Amanda Patterson

Biological Sciences

Faculty Advisor: Peter Burns

Winter 2020-21 Project: Breakdown of Uranyl Peroxide Nanoclusters in Low Aqueous Concentrations; Pueblo of Laguna

This proposal includes two research projects. In the first project, I will study the breakdown of uranyl peroxide nanoclusters, specifically determining how changing pH and concentration affects the stability of the nanoclusters. These nanoclusters have been tentatively identified in nuclear waste, and their solubility in water makes them able to flow into water sources, such as a river or stream, contaminating the water supply with uranium. Compared to other elements on the periodic table, actinides have not undergone extensive study. Understanding the breakdown of uranyl peroxide nanoclusters will not only add to our understanding of an understudied group of elements, it will also help us learn the implications of the solubility of nanoclusters and how we can minimize spread of nuclear waste into the environment. In previous experiments, it was found that at low aqueous concentrations and acidic to circum-neutral pHs, the U60 nanocluster dissociates into studtite, a mineral. Since the clusters are initially synthesized by starting with studtite, this signifies that there is a reversible reaction between the nanoclusters and studtite. Speciation occurred at pH levels of 8, 10, and 11. By further probing the cluster under these conditions, specifically by varying the pH levels and concentrations, the formation mechanisms can be determined.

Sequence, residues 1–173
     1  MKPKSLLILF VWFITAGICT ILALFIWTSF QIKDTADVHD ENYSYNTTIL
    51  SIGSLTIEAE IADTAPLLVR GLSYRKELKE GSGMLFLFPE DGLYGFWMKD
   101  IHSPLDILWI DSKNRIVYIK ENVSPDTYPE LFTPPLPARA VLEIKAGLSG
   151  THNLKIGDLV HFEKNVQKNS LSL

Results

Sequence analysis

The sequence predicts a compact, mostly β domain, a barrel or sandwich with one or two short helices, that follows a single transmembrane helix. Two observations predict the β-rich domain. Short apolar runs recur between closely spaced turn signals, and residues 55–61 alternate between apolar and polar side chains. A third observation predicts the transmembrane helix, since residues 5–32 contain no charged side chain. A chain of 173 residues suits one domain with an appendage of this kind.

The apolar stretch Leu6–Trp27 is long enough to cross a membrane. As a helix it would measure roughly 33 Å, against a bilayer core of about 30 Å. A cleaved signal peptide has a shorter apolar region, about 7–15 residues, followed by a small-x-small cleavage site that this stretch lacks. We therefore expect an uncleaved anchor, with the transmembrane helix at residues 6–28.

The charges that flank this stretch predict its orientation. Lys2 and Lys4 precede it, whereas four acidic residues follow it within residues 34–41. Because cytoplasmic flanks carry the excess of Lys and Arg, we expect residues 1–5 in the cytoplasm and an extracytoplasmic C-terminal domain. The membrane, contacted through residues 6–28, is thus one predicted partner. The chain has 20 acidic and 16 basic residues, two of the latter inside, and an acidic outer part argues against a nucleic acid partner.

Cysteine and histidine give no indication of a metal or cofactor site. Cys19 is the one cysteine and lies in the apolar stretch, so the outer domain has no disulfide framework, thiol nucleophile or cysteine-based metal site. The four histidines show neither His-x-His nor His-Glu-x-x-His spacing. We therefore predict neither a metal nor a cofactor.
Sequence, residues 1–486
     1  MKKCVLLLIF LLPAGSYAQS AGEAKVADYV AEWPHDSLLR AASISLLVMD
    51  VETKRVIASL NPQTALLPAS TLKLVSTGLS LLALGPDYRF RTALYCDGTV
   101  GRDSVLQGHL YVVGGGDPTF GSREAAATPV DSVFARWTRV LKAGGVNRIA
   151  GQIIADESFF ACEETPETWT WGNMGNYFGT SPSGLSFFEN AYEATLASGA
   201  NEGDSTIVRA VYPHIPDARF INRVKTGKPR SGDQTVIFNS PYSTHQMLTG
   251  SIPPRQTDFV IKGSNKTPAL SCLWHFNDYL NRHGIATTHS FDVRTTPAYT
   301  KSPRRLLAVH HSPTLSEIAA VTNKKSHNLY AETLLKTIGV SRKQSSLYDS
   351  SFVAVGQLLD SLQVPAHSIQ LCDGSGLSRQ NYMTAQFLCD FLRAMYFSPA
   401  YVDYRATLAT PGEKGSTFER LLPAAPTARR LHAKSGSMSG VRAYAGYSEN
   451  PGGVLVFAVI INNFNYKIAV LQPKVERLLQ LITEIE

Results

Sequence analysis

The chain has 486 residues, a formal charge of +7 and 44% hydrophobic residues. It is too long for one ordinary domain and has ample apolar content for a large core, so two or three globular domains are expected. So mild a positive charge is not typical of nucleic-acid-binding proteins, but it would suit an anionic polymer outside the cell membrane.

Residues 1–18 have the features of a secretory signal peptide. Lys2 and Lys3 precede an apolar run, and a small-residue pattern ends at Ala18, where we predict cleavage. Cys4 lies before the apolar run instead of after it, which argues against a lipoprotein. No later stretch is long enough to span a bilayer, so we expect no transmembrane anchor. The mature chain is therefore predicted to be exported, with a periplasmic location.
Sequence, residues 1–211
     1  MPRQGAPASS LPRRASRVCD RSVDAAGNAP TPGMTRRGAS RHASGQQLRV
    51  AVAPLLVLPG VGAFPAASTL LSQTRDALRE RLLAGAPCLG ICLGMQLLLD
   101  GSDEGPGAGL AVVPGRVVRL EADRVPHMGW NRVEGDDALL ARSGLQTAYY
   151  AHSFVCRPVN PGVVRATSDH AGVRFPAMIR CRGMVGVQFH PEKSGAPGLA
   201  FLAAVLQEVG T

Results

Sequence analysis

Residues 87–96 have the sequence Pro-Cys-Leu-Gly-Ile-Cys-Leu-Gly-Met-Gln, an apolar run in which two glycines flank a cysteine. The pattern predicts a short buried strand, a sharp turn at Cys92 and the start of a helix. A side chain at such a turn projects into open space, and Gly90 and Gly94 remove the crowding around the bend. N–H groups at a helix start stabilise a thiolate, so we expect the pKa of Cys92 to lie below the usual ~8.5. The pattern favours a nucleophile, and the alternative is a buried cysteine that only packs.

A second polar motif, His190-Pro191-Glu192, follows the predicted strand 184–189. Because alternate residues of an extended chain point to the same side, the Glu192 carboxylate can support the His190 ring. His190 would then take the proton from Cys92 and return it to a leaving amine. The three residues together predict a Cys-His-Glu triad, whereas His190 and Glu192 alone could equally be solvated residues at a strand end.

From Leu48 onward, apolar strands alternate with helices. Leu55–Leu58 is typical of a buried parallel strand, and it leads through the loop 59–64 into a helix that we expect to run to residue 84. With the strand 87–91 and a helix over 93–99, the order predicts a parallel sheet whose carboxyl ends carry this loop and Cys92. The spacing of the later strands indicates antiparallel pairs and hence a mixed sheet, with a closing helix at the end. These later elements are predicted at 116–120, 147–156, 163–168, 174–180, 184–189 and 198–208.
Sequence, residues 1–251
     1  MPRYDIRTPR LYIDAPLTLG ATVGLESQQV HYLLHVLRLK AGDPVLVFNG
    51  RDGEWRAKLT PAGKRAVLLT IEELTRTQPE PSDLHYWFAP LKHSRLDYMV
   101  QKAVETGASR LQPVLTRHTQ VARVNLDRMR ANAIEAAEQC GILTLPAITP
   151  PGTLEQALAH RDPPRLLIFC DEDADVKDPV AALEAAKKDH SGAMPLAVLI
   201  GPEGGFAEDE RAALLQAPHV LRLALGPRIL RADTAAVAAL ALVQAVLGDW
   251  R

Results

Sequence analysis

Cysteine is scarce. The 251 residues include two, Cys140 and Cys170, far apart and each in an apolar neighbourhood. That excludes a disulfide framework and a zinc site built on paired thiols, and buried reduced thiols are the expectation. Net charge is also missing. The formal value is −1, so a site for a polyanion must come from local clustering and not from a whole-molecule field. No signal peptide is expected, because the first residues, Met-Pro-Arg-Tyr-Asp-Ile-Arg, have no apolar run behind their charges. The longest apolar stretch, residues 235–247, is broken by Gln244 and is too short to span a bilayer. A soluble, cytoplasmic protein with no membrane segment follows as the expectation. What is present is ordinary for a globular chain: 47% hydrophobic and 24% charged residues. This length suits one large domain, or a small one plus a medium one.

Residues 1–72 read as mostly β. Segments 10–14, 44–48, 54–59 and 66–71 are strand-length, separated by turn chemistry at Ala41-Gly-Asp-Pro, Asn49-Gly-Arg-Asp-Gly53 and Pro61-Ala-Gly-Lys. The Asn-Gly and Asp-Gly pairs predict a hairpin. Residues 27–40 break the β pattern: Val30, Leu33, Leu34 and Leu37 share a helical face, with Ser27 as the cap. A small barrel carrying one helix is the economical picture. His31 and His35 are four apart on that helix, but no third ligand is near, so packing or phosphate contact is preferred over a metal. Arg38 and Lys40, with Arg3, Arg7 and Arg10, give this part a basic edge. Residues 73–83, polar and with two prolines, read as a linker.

The second research project will involve rock samples from a uranium mine in the Pueblo of Laguna land, a tribe of Native American Pueblo people in New Mexico. Specifically, we will try to determine why the river across from the mine has high concentrations of total dissolved uranium. Uranium mining took place in the Pueblo from 1952-1982, and water samples from the Rio Paguate across from the mining operation show concentrations above 700 ppb of total dissolved uranium, when the maximum level deemed safe by the federal government is 30 ppb of uranium. By investigating and discovering why the concentration of uranium in the Rio Paguate is so high, we can then find a solution and lower the uranium concentration to a safe level. Rock samples were initially collected from the uranium mine, and quartz, uranyl minerals, and natural organic matter (NOM) was found on the samples. The organic material was extracted and put through a gas chromatography–mass spectrometer (GCMS), which showed what the identity of some of the organic matter is. Acetic acid was one organic detected, which at pHs above 5 will deprotonate and act as an anion increasing the solubility of the uranium minerals. The effects of precipitation on the level of uranium concentration in the river will be further explored with the rock samples. The breakdown of organic matter and its deprotonation from the surface of rocks via rainfall may be what causes the uranium concentrations in the river to be so high. Simulating rainfall and determining the organics that come off the rocks through this project will help confirm this, allowing greater insight into the source of uranium in the Rio Paguate.